Are you on the guest list?
We always try to be a great host, but sometimes fail to think about the
flip side of the coin, guest etiquette. Here are some common sense but
important party etiquette tips that will make you a great guest.
It's true: We always think about how to host a party everyone will enjoy, but seldom do we think about how to be a guest everyone will enjoy. We should, though. And all it really takes is a little common sense and common courtesy. Here are some simple party etiquette tips:
Courtesy Call Call and offer to help the host with preparations or ask if there is anything you can bring, when appropriate. If you're asked to bring something, do it without fail; your host is counting on you.
Arrive on Time Arrive right on time for a dinner party and no more than 30 minutes late for a cocktail party. But never arrive early and surprise a host that may be making last minute preparations and not be ready for you. Never accept an invitation and then not show up just because you don't feel like going out.
Greet your host(s) soon after you arrive.
Dress appropriately for the style of the party or theme. Go ahead, get into it. And, I say, always, always ask for clarification of "casual attire." I've been surprised, twice now.
Gifts If the occasion calls for a gift, bring one appropriate to the occasion.
Food is fine if you don't expect it to be eaten during the party. At least, I know I'll never serve Spaghetti and Chile Rellenos again. But chocolates, cheese, or a good bottle of champagne or other wine are always welcome. I've never known a host to refuse Chocolate Fudge or Baklava. In fact, I think "bring fudge" warrants a permanent place among party etiquette tips.
Bring flowers only if you know your host(s) will appreciate them. They may be allergic to them or they may have their own flower arrangements to match the party decor.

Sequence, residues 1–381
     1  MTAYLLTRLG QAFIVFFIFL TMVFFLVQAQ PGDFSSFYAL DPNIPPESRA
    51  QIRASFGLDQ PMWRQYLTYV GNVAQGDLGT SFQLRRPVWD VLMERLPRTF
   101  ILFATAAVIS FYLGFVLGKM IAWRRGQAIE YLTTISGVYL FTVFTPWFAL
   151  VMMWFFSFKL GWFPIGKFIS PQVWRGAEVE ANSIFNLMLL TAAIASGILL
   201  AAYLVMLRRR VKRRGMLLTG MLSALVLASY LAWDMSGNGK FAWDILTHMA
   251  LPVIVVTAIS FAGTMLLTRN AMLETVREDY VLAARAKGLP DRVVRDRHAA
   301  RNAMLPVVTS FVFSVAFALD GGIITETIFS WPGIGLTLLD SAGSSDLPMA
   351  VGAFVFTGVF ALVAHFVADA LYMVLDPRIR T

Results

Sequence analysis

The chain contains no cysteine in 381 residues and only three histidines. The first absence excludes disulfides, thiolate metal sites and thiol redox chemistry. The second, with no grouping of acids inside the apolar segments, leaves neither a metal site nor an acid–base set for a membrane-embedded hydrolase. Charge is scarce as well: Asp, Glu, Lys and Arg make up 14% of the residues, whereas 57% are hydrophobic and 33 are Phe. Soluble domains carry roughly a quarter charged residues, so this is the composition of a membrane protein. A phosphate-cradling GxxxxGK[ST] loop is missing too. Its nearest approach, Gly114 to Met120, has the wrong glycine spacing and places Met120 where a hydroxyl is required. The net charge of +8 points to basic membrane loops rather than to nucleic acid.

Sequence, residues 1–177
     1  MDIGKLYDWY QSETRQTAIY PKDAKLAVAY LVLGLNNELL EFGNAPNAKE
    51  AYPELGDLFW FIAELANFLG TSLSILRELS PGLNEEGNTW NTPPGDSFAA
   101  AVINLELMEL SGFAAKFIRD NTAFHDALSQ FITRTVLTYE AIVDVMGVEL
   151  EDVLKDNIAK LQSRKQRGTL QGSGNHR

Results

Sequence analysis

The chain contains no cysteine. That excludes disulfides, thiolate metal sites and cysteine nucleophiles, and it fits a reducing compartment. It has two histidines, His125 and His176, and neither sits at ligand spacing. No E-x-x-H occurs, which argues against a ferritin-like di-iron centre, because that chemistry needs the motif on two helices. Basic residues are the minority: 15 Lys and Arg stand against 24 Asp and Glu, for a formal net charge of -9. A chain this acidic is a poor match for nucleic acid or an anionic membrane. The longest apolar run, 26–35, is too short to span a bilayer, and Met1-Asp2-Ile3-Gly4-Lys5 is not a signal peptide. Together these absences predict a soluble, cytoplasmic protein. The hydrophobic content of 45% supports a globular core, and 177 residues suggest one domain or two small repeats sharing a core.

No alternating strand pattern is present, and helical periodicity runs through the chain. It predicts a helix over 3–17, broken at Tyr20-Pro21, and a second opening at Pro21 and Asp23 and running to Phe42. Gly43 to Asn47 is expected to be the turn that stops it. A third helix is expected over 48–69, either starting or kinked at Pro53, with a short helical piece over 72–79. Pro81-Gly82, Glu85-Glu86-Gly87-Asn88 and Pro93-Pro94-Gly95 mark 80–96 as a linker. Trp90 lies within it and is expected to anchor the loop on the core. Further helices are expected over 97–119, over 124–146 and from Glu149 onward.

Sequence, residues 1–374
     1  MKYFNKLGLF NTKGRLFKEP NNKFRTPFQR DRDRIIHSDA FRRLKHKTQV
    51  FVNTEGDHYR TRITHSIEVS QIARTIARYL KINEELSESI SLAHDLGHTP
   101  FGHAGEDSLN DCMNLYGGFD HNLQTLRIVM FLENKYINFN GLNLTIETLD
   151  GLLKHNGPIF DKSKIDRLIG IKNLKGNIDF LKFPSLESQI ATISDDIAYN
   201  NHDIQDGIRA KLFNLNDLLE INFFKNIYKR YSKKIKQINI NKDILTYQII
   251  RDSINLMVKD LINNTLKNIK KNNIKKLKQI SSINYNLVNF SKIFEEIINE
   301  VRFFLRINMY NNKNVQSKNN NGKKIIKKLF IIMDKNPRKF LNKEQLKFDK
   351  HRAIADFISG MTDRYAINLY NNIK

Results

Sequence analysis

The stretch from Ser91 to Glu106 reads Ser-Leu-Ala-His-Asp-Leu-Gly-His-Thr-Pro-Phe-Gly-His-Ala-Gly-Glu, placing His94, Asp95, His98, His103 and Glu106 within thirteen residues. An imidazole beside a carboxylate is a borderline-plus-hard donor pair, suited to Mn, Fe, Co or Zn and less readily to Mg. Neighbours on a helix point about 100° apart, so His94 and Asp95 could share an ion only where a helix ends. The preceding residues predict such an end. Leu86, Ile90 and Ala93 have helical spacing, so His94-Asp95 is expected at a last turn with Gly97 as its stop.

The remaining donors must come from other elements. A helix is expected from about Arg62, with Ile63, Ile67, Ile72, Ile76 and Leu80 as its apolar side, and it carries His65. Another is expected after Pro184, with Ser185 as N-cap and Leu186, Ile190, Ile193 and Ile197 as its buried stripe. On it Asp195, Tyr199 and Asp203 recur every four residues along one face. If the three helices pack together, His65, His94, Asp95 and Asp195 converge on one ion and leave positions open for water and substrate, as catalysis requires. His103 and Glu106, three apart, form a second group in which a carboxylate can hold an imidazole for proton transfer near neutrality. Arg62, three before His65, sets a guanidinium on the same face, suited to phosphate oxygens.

Conversation By all means, converse. Smile, mingle and converse. But don't dominate all conversations; be a good listener, too. Don't leave your date alone in a corner, and don't bring your problems to the party. It's a real mood-killer. So are bad language and off-color jokes.
Food and Drink Eat, and especially drink, moderately. You'll only say something stupid, or spill something, or otherwise make a fool of yourself if you drink too much. (Report any spills right away so it can be cleaned before a stain sets in, by the way.) And no matter how much you love that one particular appetizer, don't hog it. Remember that dinner is dinner, appetizers are snacks. Eat accordingly, and don't come "starving" to a cocktail party.
Children If your young children are included in the invitation, bring them, and then watch them closely. You know how you remember horrible things like car accidents in slow motion? That's how I remember the times children have pulled dishes off the buffet table, run their fingers through the cake and sneezed all over the food at parties we've hosted. I can tell you, your host and/or hostess do not have time to baby-sit for you.
Clean up Offer to help clean up toward the end of the party. Your host may very well decline, but on the other hand, they may appreciate not having to face it alone.
Leave at a reasonable time. Don't be the last, or at least, don't leave long after the next-to-last guest. (I guess someone has to be last.) We have an old joke around our house that goes, "Let's go to bed, honey. These people want to go home."
Say Thank You Within a few days of the party, call or write a thank you note. Also, return the courtesy and invite your host(s) to a party of your own, or a barbecue, or out to dinner or just over for dessert. They'll appreciate it.
My family and I have had so many wonderful parties. But I
didn't realize until writing this how many party horror stories I have
to tell. I suppose this whole party etiquette article could be summed up
in these words:
Try not to be the object of your friends' party horror stories.